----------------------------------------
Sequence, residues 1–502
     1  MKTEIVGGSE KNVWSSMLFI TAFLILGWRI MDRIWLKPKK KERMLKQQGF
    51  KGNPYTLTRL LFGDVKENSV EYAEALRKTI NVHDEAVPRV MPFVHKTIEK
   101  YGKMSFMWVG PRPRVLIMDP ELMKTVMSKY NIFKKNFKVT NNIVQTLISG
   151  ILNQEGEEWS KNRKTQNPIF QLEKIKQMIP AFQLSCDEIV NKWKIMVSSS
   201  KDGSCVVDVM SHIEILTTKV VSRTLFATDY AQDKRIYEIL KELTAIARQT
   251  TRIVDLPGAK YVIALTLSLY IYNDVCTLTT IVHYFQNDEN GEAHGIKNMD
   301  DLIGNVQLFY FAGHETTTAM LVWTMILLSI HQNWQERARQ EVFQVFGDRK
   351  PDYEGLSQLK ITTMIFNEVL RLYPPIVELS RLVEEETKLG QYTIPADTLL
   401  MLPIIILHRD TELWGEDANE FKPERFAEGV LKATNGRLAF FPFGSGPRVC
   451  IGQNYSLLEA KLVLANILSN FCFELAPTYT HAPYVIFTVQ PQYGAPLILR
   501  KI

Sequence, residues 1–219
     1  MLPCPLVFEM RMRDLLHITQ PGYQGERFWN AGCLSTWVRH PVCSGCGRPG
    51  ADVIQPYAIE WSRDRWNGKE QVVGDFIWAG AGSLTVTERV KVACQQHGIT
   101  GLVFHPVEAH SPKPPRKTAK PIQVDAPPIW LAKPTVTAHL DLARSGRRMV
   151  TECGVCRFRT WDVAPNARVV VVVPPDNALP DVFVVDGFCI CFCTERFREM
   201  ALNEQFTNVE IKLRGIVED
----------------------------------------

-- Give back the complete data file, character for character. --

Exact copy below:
Sequence, residues 1–502
     1  MKTEIVGGSE KNVWSSMLFI TAFLILGWRI MDRIWLKPKK KERMLKQQGF
    51  KGNPYTLTRL LFGDVKENSV EYAEALRKTI NVHDEAVPRV MPFVHKTIEK
   101  YGKMSFMWVG PRPRVLIMDP ELMKTVMSKY NIFKKNFKVT NNIVQTLISG
   151  ILNQEGEEWS KNRKTQNPIF QLEKIKQMIP AFQLSCDEIV NKWKIMVSSS
   201  KDGSCVVDVM SHIEILTTKV VSRTLFATDY AQDKRIYEIL KELTAIARQT
   251  TRIVDLPGAK YVIALTLSLY IYNDVCTLTT IVHYFQNDEN GEAHGIKNMD
   301  DLIGNVQLFY FAGHETTTAM LVWTMILLSI HQNWQERARQ EVFQVFGDRK
   351  PDYEGLSQLK ITTMIFNEVL RLYPPIVELS RLVEEETKLG QYTIPADTLL
   401  MLPIIILHRD TELWGEDANE FKPERFAEGV LKATNGRLAF FPFGSGPRVC
   451  IGQNYSLLEA KLVLANILSN FCFELAPTYT HAPYVIFTVQ PQYGAPLILR
   501  KI

Sequence, residues 1–219
     1  MLPCPLVFEM RMRDLLHITQ PGYQGERFWN AGCLSTWVRH PVCSGCGRPG
    51  ADVIQPYAIE WSRDRWNGKE QVVGDFIWAG AGSLTVTERV KVACQQHGIT
   101  GLVFHPVEAH SPKPPRKTAK PIQVDAPPIW LAKPTVTAHL DLARSGRRMV
   151  TECGVCRFRT WDVAPNARVV VVVPPDNALP DVFVVDGFCI CFCTERFREM
   201  ALNEQFTNVE IKLRGIVED